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Binjirru Regional Council opposes abolition of Indigenous Social Justice Commissioner position.

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Aboriginal and Torres Strait Islander Commission

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Binjirru Regional Council opposes abolition of Indigenous Social Justice Commissioner position


ATSIC’s Binjirru Regional Council has condemned the Federal Government’s decision to abolish the position of Aboriginal and Torres Strait Islander Social Justice Commissioner.

Meeting in Shepparton recently, the 13-member council of elected Indigenous representatives for eastern Victoria agreed that the position, currently held by Indigenous academic Dr William Jonas, should be upgraded, not abolished.

Under legislation currently before Federal Parliament, the Government will abolish the Human Rights and Equal Opportunity Commission and its five specialist commissioners, including the Aboriginal and Torres Strait Islander Social Justice Commissioner.

If the legislation is passed in its current form, a Human Rights Commission will be created, with three general commissioners charged with the primary role of education and dissemination of information.

The Chairperson of Binjirru Regional Council, Daphne Yarram, said Councillors were strongly opposed to the Government’s proposed changes.

“More than ever, Indigenous people need an independent national Commissioner to protect and monitor the enjoyment of our human rights - an expert who is across the breadth of Indigenous issues,” Ms Yarram said.

“Assigning the duties to a general position will downgrade and undermine the ability to protect the rights of Aboriginal and Torres Strait Islander people, who remain the most disadvantaged group in the community.”

Ms Yarram said the Binjirru Council called on the Federal Opposition and Democrats to reject the legislation unless it was radically changed.

On other major issues discussed at its Shepparton meeting, Binjirru Regional Council:

• re-affirmed its commitment to the Coalition of Australian Governments’ (COAG) pilot project at Shepparton. Three Binjirru Regional Councillors - Paul Briggs, Graeme Briggs and Rex Atkinson - are on the Indigenous Facilitation Group representing local Indigenous people in the project, while Ms Yarram is on the Steering Committee. The project is looking to improve the co-ordination of Federal, state and local government programs and develop partnerships with the Indigenous community in the design and delivery of programs. …/2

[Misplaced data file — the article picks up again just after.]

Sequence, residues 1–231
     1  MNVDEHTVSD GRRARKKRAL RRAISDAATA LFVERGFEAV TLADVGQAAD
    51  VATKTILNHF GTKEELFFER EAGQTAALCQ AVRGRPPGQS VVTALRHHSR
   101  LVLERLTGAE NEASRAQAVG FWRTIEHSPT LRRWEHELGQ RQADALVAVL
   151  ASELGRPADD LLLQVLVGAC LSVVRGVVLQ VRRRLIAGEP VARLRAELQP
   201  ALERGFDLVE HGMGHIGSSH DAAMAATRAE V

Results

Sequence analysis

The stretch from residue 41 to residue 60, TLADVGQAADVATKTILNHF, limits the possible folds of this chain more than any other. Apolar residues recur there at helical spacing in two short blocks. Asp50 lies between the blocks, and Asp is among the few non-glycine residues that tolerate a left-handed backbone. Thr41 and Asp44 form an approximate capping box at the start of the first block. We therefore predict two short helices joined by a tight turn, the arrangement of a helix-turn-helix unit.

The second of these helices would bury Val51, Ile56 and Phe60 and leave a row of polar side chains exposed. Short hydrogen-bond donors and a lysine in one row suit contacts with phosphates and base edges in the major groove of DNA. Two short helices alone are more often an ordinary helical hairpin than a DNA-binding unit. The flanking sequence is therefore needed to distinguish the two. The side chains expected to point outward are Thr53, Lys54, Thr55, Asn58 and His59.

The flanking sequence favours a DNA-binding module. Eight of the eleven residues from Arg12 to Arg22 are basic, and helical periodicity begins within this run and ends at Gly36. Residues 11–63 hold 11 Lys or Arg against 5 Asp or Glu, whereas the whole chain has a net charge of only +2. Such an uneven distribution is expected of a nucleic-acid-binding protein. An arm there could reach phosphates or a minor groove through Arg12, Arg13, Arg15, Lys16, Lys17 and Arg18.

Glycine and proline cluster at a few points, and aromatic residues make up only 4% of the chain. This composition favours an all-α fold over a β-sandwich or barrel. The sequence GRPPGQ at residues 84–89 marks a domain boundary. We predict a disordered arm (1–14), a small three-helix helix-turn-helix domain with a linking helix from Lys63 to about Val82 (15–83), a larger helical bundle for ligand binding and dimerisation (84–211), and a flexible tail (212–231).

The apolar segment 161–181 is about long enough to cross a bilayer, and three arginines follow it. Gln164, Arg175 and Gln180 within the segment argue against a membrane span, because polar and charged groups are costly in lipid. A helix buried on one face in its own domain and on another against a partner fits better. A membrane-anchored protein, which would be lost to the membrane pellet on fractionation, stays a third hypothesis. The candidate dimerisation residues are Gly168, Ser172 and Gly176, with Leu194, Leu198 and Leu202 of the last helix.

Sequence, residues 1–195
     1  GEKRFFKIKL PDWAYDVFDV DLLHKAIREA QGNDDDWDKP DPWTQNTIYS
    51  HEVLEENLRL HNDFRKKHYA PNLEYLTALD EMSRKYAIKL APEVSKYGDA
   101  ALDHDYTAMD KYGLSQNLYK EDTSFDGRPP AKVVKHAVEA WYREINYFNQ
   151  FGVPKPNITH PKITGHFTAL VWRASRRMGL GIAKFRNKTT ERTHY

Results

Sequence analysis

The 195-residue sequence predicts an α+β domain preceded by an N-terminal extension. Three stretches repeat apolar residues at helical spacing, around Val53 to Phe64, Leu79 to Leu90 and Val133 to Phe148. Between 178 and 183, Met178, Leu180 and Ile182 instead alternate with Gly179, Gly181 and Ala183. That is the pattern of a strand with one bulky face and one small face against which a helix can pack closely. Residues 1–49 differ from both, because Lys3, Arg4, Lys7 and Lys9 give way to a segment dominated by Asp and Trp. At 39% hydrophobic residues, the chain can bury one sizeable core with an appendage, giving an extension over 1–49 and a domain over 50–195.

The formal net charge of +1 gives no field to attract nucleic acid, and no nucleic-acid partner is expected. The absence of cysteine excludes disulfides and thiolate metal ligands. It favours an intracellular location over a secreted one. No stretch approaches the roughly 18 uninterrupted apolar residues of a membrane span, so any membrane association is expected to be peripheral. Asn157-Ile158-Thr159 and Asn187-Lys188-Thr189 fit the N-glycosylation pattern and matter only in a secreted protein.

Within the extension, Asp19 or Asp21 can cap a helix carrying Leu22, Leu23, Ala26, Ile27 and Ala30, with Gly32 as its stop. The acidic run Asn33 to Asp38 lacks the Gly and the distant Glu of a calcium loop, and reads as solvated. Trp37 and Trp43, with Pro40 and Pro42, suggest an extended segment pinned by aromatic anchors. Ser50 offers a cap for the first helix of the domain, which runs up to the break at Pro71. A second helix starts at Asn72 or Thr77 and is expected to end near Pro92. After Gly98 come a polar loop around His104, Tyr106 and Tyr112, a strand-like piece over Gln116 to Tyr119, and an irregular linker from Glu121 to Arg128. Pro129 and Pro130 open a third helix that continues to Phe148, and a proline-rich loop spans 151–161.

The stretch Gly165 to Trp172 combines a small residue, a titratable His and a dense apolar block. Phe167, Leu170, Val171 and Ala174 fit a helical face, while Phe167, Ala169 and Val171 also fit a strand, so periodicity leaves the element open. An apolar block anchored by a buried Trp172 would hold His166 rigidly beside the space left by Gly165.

• urged Indigenous organisations to apply for the latest round of State Government funding - totalling $650,000 - to address family violence in the Indigenous community. The contact at Aboriginal Affairs Victoria is Ms Sharon Paten on 9637 8028. Applications close on 29 August 2003;

• discussed the ATSIC separation of powers, under which the ATSIC Regional Councils and the national Board of Commissioners will no longer be able to make specific funding decisions. A new public service agency created on 1 July 2003 - Aboriginal and Torres Strait Islander Services - will make funding decisions and administer ATSIC programs;

• heard a presentation from a member of the ATSIC Review Panel, Mr John Hannaford, on the panel’s Public Discussion Paper released in June 2003. The panel will receive a submission on the discussion paper from ATSIC Victoria, following a combined meeting in Melbourne on 12 August of the Binjirru and Tumbukka Regional Councils. The review panel is expected to submit a final report to the Federal Government in late September 2003.

For more information: Giuseppe Stramandinoli (Public Affairs Officer, ATSIS Victoria) 0419 508 125; Daphne Yarram is available for interviews on 0419 508 225